Writing about “Broken Snow,” the Ben Andron thriller now getting its world premiere at the J’s Cultural Arts Theatre (JCAT) in North Miami Beach, is a proposition almost as tricky as the play itself. The intricately structured 90-minute drama is loaded with surprises, twists and turns, all revealed at precisely the right moment so that the play builds to its shattering conclusion..
As this steamy spring melts into a sweltering summer, Actors’ Playhouse is inviting theater lovers to a wedding – a big, fat Jewish-WASP wedding, otherwise known as the Broadway musical “It Shoulda Been You.” Though the show seemingly takes place in the present, the piece by book writer-lyricist Brian Hargrove and composer Barbara Anselmi is an old-fashioned, stereotype-filled throwba..
'Death & Harry Houdini' Makes Another Magical Moment at ArshtDennis Watkins knows how to make an entrance. In the House Theatre of Chicago’s “Death & Harry Houdini,” now back at the Arsht Center’s Carnival Studio Theater five years after it first wowed Miami audiences, Watkins arrives onstage with the help of theater technology unknown in Houdini’s day. Dangling upside dow..
Director Carlos Lechuga’s masterful unspooling of time in his second feature film “Santa y Ándres” constructs a uniquely Cuban mix of tedium and despair, resulting in an emotionally intense experience that sneaks up on the viewer in plain sight. The film opens with the stillness of a landscape painting: the eastern Cuban countryside of 1983 – rugged, lush, and verdant. The statuesque..
Memory – deep-seated, fragile, slippery, mutable – is at the heart of Jordan Harrison’s “Marjorie Prime.” A Pulitzer Prize finalist in 2015, the play is a family tragicomedy given a sci-fi makeover; in other words, this thought-provoking theater piece charts its own, fresh path. Now getting its South Florida premiere as the second professional production from the Main Street Players, ..
The stage is a fixed space. It is the axis around which story, conflict, and character revolve. When that fixed space shifts, new possibilities emerge. Starting Wednesday, April 23, a shifting site for theater emerges at Deering Estate, a 444-acre environmental, archeological, and historical preserve along the edge of Biscayne Bay in Palmetto Bay. Four local playwrights have collaborated ..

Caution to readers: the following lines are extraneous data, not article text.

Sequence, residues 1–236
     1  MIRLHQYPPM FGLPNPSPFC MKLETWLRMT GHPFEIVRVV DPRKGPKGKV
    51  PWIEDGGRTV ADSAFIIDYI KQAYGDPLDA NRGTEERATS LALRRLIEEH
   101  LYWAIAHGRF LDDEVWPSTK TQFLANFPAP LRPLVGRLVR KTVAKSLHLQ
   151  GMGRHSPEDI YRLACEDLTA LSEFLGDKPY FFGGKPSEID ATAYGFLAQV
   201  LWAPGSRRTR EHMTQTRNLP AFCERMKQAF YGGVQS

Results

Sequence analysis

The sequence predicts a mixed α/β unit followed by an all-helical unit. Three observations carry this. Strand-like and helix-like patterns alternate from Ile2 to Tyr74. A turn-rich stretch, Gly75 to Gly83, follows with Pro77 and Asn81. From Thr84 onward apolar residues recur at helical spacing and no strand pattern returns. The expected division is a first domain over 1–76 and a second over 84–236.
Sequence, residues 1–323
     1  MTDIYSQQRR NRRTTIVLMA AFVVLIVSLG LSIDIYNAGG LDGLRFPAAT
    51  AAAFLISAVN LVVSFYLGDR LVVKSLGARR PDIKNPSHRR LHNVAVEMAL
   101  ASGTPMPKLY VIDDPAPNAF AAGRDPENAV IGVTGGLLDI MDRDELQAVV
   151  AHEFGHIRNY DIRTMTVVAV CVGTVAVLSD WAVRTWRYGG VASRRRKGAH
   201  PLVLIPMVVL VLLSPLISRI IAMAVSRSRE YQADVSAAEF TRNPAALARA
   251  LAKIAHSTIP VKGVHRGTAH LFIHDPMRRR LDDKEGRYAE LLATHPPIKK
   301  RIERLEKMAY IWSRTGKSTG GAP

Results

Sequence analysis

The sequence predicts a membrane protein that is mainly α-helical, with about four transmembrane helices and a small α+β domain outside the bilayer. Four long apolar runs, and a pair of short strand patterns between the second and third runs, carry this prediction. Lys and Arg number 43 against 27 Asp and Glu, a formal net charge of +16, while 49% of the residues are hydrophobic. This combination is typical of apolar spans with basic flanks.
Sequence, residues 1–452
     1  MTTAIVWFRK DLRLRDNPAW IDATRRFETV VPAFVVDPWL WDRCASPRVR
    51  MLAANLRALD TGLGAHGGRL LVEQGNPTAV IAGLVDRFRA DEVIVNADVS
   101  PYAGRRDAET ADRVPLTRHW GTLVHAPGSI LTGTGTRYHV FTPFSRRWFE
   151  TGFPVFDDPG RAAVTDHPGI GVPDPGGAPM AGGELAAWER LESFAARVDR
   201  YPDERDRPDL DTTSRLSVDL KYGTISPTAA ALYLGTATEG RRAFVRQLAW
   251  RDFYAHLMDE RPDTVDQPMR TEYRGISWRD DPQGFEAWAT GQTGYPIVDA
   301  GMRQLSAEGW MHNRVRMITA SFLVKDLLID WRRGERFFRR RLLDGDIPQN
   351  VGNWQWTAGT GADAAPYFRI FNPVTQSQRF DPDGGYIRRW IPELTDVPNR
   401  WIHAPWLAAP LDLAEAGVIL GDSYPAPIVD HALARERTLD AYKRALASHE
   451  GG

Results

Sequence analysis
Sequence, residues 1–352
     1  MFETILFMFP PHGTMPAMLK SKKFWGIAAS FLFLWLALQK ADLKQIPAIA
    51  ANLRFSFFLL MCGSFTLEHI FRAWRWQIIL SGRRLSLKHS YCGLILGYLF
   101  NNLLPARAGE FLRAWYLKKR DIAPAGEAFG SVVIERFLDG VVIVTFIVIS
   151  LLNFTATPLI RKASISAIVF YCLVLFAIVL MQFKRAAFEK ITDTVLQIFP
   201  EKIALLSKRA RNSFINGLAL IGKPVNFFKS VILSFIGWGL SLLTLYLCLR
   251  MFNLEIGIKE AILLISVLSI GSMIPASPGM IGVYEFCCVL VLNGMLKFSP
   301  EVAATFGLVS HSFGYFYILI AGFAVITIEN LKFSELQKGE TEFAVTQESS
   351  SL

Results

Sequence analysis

Nearly two years ago, Miami’s Zoetic Stage took its first trip into the world of Harold Pinter with an intense, superbly acted production of the Nobel laureate’s 1978 hit “Betrayal” in the Arsht Center’s Carnival Studio Theater. Now Zoetic is delving further back into the Pinter canon with a riveting production of “The Caretaker.” This 1960 work is, like “Betrayal,” a three-character ..
Imagine animation created live on stage, with mini backdrops, puppets, and low-tech props. Channel it through multiple cameras and mix it live into a projected film. Add a string quartet and a DJ. This is the structure of “Nufonia Must Fall,” an upcoming project presented by MDC Live Arts. The show is slated for appearances around the world, from Asia and the Middle East to Europe and..
That Actors’ Playhouse opened its production of Robert Schenkkan’s “All the Way” on the same day that the American Health Care Act was pulled from a vote by the House of Representatives is ironic and more than a little instructive. The much-touted replacement for Obamacare didn’t have enough sure votes to ensure passage, as Speaker Paul Ryan told President Donald Trump, so the “replac..
The take-no-prisoners world of high finance and ruthless business deals has long been a tantalizing subject for artists. From filmmaker Oliver Stone’s 1987 “Wall Street,” with its antihero Gordon Gekko spouting “greed is good,” to Damien Lewis’ slick hedge fund mogul Bobby Axelrod in the Showtime series “Billions,” movies and television allow those of us in the 99 percent a glimpse at wha..
May’s “Mujeres” series of strong, multi-faceted, women-focused productions, commissioned for Miami Theater Center’s SandBox space, concludes with Spanish-born dancer-choreographer Carlota Pr..
One could say that Bistoury’s 305 & Havana International Improv Fest, which debuts this Saturday at Miami Theater Center, has been in the works for almost 20 years. In 1999 Cuban-born cho..
The process of creating “Shade,” choreographer Augusto Soledade’s latest full-length work, has been one of remembering and reconfiguring memory to discover new ways of talking about identity ..
Upcoming this week, Tigertail presents choreographer Myriam Gourfink and musician Kasper Toeplitz. Hailing from France, the two will be present for a 3-day residency at Subtropics’ South Beac..
From her home base at 6th Street Dance Studio in Little Havana, longtime Miami dance figure Brigid Baker has been slowly crafting a new performance piece. It’s not conceptual or political like con..
Karen Peterson is the artistic director of Karen Peterson and Dancers, a company that brings professional dancers with and without disabilities together in the same piece of choreography, and..
Revivals are hot on Broadway these days with “CATS”and “Hello, Dolly!“once again gracing the Great White Way. There is a certain nostalgia in taking a second or even third viewing of a belove..
What happens when urban dance style meets classical music? We’ll find out when Brooklyn-based hip-hop dance troupe Decadancetheater takes the stage, backed by Miami’s own experimental classic..
“What does it mean to belong? What does it mean to not want to belong?” These are questions that choreographer Reggie Wilson contemplates in his provocative piece “CITIZEN,“ which makes its M..
You hear the word “flamenco” -- what image comes to mind? A guitar? A dark-haired dancer? The color red, a ruffled dress? Did a piano by any chance enter the picture? Perhaps not.